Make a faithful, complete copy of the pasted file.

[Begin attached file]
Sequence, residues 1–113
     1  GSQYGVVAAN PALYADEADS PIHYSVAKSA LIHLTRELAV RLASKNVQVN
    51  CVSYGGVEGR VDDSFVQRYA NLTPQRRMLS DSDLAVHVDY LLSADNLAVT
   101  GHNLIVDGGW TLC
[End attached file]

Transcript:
Sequence, residues 1–113
     1  GSQYGVVAAN PALYADEADS PIHYSVAKSA LIHLTRELAV RLASKNVQVN
    51  CVSYGGVEGR VDDSFVQRYA NLTPQRRMLS DSDLAVHVDY LLSADNLAVT
   101  GHNLIVDGGW TLC